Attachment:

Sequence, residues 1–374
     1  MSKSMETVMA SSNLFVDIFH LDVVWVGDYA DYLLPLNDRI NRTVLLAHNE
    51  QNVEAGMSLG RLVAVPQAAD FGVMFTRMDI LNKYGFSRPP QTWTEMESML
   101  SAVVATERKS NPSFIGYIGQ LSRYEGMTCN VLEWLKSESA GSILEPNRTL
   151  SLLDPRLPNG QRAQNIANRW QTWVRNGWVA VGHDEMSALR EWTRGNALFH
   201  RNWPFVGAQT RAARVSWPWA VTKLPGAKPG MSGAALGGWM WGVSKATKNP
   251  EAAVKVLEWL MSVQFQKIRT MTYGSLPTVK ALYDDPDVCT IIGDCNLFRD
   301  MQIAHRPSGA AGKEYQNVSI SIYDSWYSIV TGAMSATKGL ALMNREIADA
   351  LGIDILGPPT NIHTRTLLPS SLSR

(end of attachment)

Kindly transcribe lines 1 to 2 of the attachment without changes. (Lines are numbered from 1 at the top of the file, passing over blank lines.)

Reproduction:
Sequence, residues 1–374
     1  MSKSMETVMA SSNLFVDIFH LDVVWVGDYA DYLLPLNDRI NRTVLLAHNE